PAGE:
Pakistan Cricket Team’s bat signing & headshots in new kit

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Birmingham: The event for Pakistan Cricket Team’s bat signing & headshots in new kit for ICC Champions Trophy 2017 was held in Birmingham, England.

The team has not won ICC Champions Trophy yet and start as underdogs out to prove point.

Time and again, Pakistan cricket team has managed to confound the fans and experts alike with its performance. The side, which has invariably been termed mercurial, plays off-beat cricket, marked often by momentary highs and abysmal lows.

They have lost when backed to win, and won when being completely written off. Nobody expected them to win the World Cup in 1992 or the World T20 in 2009. One of the strongest sides they ever fielded lost the final of 1999 World Cup in a bizarre fashion. Their brand of cricket, thus, has been ‘extreme.’ The team has never managed to find a golden mean.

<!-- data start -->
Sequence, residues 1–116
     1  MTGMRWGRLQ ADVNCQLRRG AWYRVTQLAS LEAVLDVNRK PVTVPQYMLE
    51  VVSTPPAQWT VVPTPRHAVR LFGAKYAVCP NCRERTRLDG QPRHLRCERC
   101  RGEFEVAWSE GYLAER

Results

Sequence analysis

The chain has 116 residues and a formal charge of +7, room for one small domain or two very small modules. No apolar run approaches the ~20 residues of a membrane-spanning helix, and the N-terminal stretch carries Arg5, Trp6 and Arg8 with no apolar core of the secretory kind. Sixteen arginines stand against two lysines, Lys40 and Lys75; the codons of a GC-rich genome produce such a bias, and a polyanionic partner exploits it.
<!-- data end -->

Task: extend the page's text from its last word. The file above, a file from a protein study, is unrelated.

Every tournament they play, their fans expect them to find a middle ground; to play sensible, consistent cricket. ICC Champions Trophy 2017 will be no different.

After Pakistan Cricket Team’s bat signing & headshots in new kit, when they kick off their campaign with a high-pressure clash against arch-rivals India on June 4, not just the fans, but skipper Sarfraz Ahmed would also want the side to hit the ground running.

Of late, the discussions surrounding Pakistan cricket have hardly got anything to do with the cricket they play. The PSL spot-fixing scandal took the sheen off the good work the tournament did to Pakistan cricket.

Then there were the dual retirements of legends Misbah-ul-Haq and Younis Khan (none of whom were playing limited-overs cricket anymore and obviously not present at Pakistan Cricket Team’s bat signing & headshots in new kit event) which overshadowed their maiden Test series win in the Caribbean. Silently somewhere, Sarfraz took over the reins of the limited-overs sides from Azhar Ali, under whom the team suffered five series losses out of ten played.

But with the tournament as big as Champions Trophy — termed as more competitive than the World Cup by Indian captain Virat Kohli — coming up, the spotlight goes back to Pakistan team and their brand of cricket.

Pakistan’s record in ICC Champions Trophy:

MWLNRW/L
1871100.636